Blogging For Dummies, by Amy Lupold Bair
Being in general very fond of the Dummies series , it is little surprise that I would want to read about an activity I am involved with on a regular basis. This book does a good job at discussing various logistical matters of blogging and those who follow its clear and sound principles will do well. Admittedly, and not surprisingly, this book is aimed at not only those who are personal bloggers like myself but aimed at those who have careerist ambitions and who want to integrate more photos and sound and video material in their blogs than I have tended to do. Likewise, the book also has a lot to say about those who are interested in writing a great deal of code and involving themselves in the structure of their blog in a way that I simply have little to no interest in. Still, if you want to set up a blog and you need some kind of guidance as to what this involves, including plenty of discussion about the repercussions of writing personal things on the internet where other people are likely to read them and may not be fond of what you have to say, this book is certainly a wise read. As is frequently the case, it is those people who do not want to be dummies that take advantage of the wise counsel that books like this provide.
This book is a large one at nearly 400 pages and it is divided into seven parts and 23 chapters. The book begins with an introduction about blogging and its history. After that the first part of the book explores how to get started with blogging (I), namely through discovering the basics about blogs (1), entering the blogosphere by figuring out what to title one’s blog and what sort of material one wants to write (2), and then choosing and hosting blog software (3). The author then discusses setting up blogs (II), which mostly involves a discussion of the comparison between Blogger (4), WordPress (5), Squarespace (6), and other platforms (7). The author then discusses the important matters of fitting in and feeling good (III) through finding one’s niche (8), creating great content (9), building community with comments (10), and blogging anonymously (11). The author then discusses going beyond words (IV) by working with photos (12), starting a podcast (13), vlogging (14), and then adding forums for even more community involvement (15). After that the author discusses marketing and promotion (V) through making the blog easy to find (16), getting to know social networking (17), joining the big four social networks like Facebook and Twitter (18), and measuring blog presence (19). The author then discusses how to make money from a blog (VI) through various means (20), as well as blogging for companies (21). The book then ends with the usual part of tens (VII), including ten ways to grow community (22) and ten things all bloggers should do (23), after which there is an index.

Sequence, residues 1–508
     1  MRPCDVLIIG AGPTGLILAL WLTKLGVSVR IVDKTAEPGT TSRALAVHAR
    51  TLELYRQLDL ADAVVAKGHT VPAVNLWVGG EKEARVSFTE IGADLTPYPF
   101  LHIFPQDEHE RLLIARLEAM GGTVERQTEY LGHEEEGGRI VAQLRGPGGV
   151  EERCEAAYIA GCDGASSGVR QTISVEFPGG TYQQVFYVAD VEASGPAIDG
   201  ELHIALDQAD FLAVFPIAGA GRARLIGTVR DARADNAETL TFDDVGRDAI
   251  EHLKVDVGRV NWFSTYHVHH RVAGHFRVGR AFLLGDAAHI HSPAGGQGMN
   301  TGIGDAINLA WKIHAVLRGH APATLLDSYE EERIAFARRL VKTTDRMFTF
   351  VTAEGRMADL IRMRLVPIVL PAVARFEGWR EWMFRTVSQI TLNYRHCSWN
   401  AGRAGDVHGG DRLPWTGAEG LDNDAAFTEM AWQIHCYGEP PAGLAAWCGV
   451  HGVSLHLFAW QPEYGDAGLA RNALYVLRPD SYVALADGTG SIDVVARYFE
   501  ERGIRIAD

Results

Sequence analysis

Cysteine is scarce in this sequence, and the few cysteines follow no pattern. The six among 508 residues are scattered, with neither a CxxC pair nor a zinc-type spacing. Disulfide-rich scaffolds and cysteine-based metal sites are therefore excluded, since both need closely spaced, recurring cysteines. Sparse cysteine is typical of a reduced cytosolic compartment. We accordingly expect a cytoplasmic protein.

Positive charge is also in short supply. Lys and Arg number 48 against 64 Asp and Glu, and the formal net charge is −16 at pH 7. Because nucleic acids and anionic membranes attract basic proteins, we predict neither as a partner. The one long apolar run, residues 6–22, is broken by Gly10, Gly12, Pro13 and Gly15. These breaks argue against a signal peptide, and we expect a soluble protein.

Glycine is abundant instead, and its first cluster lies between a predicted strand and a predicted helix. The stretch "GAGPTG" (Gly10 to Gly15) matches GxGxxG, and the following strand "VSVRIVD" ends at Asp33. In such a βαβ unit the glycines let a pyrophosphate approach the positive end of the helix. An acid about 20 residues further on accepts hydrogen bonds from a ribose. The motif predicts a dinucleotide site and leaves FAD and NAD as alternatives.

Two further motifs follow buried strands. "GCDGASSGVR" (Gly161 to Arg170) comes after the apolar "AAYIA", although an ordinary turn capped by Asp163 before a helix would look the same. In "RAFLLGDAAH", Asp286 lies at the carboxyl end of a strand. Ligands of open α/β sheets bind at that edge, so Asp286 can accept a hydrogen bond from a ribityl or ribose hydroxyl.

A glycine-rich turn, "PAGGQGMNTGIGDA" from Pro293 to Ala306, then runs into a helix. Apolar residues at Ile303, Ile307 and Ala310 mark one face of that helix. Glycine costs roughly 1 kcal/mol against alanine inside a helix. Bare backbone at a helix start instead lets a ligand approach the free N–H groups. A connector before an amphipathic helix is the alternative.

The fact that this book has gone into at least seven editions (this review is for the 7th edition) suggests the way that blogging has changed over the course of the last 25 years or so since it began in the early days of the Worldwide Web. Given the frequency of changes and the ease of bandwidth and the ever-elusive search on the part of content creators for a decent living, it is certain that there will be more changes in the years yet to come, and so there will likely be more volumes of this particular book for later readers to enjoy. If you think that you have something to say, are willing to be known for who you are, and have some idea of whether you are willing to add materials that would attract readers and structure your posts and develop a community of readers, this book will certainly be useful. Even for those of us who have blogged for quite a few years may find much to think about, as I may eventually add a forum to my blog to allow for more conversation between readers if there is interest in such a thing. Even old dogs can learn a few new tricks about blogging from a book like this one.
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